The silent spirit of the forest
The great grey owl is a nocturnal raptor and is also the largest European owl, with a wingspan of up to 1,50 m. It looks deceptively large, and hides a slight body under its fluffy plumage. Its feathers also provide effective isolation. Its feathers are dark grey in colour and mottled, allowing it to blend into its surroundings, a phenomenon which is called mimicry.
The great grey owl has both excellent hearing and vision, which makes it easy for them to locate potential prey. They sometimes hunt during the day, especially during extreme cold periods, because they need to ingest a lot of food in order to have enough strength to fly. They swallow their prey whole. The prey’s fur, bones and feathers are later regurgitated in the form of an owl pellet.
The great grey owl is a protected species that suffers from the consequences of human activities: road traffic, power lines, deforestation...
The great grey owl is a monogamous and predominantly sedentary species. Their breeding season starts in January. The males attempt to seduce the females by performing aerial displays. The female lays a clutch of 3 to 5 eggs that she broods for 28 to 30 days. When their young are born, the parents are so busy feeding them they forget to eat and tend to lose some weight. When the young are 3 weeks old, they leave the nest even though they can’t fly. In the middle of the night, they fearlessly jump out of the nest, dropping several meters to the ground! The fledglings then remain near their nest, on the ground, flapping their wings until they manage to fly off about a week later.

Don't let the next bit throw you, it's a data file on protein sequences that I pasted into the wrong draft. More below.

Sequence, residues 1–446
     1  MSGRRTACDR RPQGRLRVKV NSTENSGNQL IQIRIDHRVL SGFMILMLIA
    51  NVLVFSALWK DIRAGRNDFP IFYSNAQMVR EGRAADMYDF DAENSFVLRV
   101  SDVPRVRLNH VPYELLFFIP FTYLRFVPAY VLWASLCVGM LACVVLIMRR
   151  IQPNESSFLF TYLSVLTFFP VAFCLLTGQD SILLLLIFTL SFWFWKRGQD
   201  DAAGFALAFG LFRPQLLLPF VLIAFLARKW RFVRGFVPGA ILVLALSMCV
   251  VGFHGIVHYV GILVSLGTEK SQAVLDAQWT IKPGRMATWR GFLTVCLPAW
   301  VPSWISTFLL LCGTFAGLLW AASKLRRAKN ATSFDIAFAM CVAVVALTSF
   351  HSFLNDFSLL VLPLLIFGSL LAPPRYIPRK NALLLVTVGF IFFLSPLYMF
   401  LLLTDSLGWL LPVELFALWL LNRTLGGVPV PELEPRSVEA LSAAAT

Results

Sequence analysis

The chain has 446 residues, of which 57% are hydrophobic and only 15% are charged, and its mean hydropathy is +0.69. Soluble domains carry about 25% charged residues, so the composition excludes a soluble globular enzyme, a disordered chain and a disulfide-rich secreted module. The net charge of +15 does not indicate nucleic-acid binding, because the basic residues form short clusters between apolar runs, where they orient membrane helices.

Did you know that?
The great grey owl can rotate its head 270 degrees in either direction: this how it can end up with its head upside down...
It can even swing its head around and look behind its back!
Discover the European Big 5
The bison, the wolverine, the wolf, the lynx and the brown bear